I’ve been thinking about dual relationships, what exactly they are and why they sometimes exist between a therapist and client.
I’m going to start by offering my own ideas about what a dual relationship is in the context of counselling. When we form a therapeutic relationship between therapist and client, we do so with the understanding that this relationship will offer something different to other relationships; it will offer confidentiality, an ethical frame and, in particular, carefully considered boundaries which allow the relationship to exist, uncomplicated by the typical demands and counter-demands of human relationships. We do this to allow a safe space for the client to freely express and explore their most difficult experiences, and hidden areas of self.
A dual relationship arises when the client and therapist have an additional relationship which exists outside of the therapeutic frame. Perhaps a business relationship, a family connection, a friendship, a teacher/student role, colleagues or neighbours, members of the same congregation – some relationship which necessitates a different dynamic, different expectations and different boundaries.
My title for this blog acknowledges dual relationships which occur after therapy, and this is because I believe the therapist’s ethical responsibility towards their client exists beyond the termination of therapy. When friendships, business relationships or even romantic relationships occur between therapist and client after therapy, this, in my view, still represents a dual relationship, no matter how much time has passed.
So how do we navigate dual relationships? Well, I suppose I think, for the most part, we ought to avoid them. As anyone who reads this blog regularly is probably aware, I am particularly keen that the counselling profession does more to acknowledge the potential for harm to occur in therapy, and to take collective responsibility for the harm that does occur, and has occurred for many clients.
For me, dual relationships are one, largely avoidable area where harm could foreseeably occur. This is particularly true in relationships where there is a shift from the relationship serving the emotional needs of the client only, to emotional needs of both parties being met within the relationship.
A major benefit of therapy is that the client need not worry about having to hold the emotional energy of the therapist. As soon as the relationship requires two-way emotional holding of the other, there is a shift in the dynamics which is unlikely to meet with the expectations of either party. When this gap between expectation and reality presents itself, there is great potential for hurt to occur, and potentially for this to taint any positive outcomes achieved in therapy.
I find the idea of therapists forming sexual relationships with clients or former clients particularly troubling. The BACP ethical framework states that “exceptionally”, such relationships post-therapy may be permissible, however here I must diverge from the guidance of the framework and say that in my view, there is never a good reason to form a sexual relationship with a former client.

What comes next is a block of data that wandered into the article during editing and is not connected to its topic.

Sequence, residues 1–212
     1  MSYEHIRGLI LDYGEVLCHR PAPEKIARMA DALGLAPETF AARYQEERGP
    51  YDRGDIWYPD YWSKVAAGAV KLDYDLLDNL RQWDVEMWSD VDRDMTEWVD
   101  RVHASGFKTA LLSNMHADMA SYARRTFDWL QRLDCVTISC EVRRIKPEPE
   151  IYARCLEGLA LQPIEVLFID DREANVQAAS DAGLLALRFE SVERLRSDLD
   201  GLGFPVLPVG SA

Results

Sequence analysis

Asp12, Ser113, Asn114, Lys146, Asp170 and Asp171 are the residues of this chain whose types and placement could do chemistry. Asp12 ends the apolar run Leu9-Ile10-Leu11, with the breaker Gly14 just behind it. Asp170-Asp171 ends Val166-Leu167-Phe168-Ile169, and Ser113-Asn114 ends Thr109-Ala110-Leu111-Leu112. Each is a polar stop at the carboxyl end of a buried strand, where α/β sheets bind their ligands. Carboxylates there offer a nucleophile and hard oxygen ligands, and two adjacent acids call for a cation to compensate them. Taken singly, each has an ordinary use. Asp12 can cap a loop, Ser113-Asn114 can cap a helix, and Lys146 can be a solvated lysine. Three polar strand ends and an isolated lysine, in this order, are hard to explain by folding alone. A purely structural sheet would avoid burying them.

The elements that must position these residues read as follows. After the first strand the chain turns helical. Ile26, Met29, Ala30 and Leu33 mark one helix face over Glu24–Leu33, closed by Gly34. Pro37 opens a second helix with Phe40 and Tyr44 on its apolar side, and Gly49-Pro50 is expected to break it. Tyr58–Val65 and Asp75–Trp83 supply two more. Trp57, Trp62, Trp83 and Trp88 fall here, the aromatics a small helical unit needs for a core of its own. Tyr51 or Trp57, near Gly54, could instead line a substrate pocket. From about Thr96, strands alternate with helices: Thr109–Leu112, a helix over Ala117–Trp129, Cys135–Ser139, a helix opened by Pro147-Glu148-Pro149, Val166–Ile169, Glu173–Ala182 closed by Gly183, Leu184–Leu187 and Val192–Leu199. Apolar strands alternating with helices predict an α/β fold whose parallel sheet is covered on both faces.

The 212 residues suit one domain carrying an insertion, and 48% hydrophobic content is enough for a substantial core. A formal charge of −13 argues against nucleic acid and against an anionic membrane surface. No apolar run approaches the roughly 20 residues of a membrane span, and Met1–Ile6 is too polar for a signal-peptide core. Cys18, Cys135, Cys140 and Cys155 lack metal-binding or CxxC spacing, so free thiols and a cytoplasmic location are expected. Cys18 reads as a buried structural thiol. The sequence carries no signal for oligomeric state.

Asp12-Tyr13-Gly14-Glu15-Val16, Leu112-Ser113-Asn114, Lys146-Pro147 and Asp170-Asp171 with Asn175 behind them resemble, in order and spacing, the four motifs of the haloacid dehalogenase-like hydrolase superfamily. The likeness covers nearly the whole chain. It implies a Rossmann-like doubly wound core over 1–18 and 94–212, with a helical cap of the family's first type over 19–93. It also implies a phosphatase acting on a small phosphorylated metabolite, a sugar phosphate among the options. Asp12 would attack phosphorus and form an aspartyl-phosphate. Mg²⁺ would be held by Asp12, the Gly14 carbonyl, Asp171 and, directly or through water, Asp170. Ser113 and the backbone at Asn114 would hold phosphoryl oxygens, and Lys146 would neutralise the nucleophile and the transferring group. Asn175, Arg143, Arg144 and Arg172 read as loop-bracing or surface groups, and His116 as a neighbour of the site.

Where an additional business relationship occurs, it is equally important to consider the potential harm to the therapeutic alliance and therefore to the client. Is such a relationship completely necessary? I would think very rarely, and if there is another option, in my view it should always be perused before a dual relationship is arranged.
If a dual relationship is unavoidable, like anything, it needs to be discussed carefully with the client to manage boundaries and reduce the risk of harm. I would also emphasise the importance of ongoing supervision and consultation with colleagues (as per the BACP ethical framework 2018) in order to obtain more objective views on the necessity and ethics of any dual relationship.
Above all, in my view it is vital to be mindful of what it can feel like to be a client. The inevitable imbalance of power in the relationship, the strong feelings that a client can have for a therapist (and vice versa) could easily impact on clear decision-making from either party. Perhaps some clients may feel reluctance to say ‘no’ to a dual relationship, even if they are not sure whether it is what they want – in instigating a dual relationship, I would argue that we cannot always be certain that we are properly upholding the ethical principle of client autonomy.
2 thoughts on “Dual Relationships, During and After Therapy”
Hi, did you speak to any clients during the writing of this article? Have you asked any previous clients about their views on this topic?
Hi Brian, I am informed by a number of different experiences as I write my blog. Being a client myself forms a big part of my perspective (hence the title/URL of this blog) and I am also informed to a large extent by conversations I have had with people in therapy or formerly in therapy, including many who have had adverse experiences, whom I come into contact with in various contexts. Whilst I won’t discuss my client work, of course I am informed by my clients too.
But I feel it’s important to stress that while all these aspects play a part in the formation of my view, this blog does represent my view, and my view only. There are few absolute truths in therapy.